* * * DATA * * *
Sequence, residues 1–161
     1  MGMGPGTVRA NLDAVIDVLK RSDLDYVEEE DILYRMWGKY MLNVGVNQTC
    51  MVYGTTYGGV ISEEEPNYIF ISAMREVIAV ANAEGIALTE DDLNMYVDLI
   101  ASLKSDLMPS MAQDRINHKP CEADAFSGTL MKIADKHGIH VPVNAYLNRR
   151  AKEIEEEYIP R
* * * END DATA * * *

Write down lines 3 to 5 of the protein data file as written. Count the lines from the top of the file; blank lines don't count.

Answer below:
    51  MVYGTTYGGV ISEEEPNYIF ISAMREVIAV ANAEGIALTE DDLNMYVDLI
   101  ASLKSDLMPS MAQDRINHKP CEADAFSGTL MKIADKHGIH VPVNAYLNRR
   151  AKEIEEEYIP R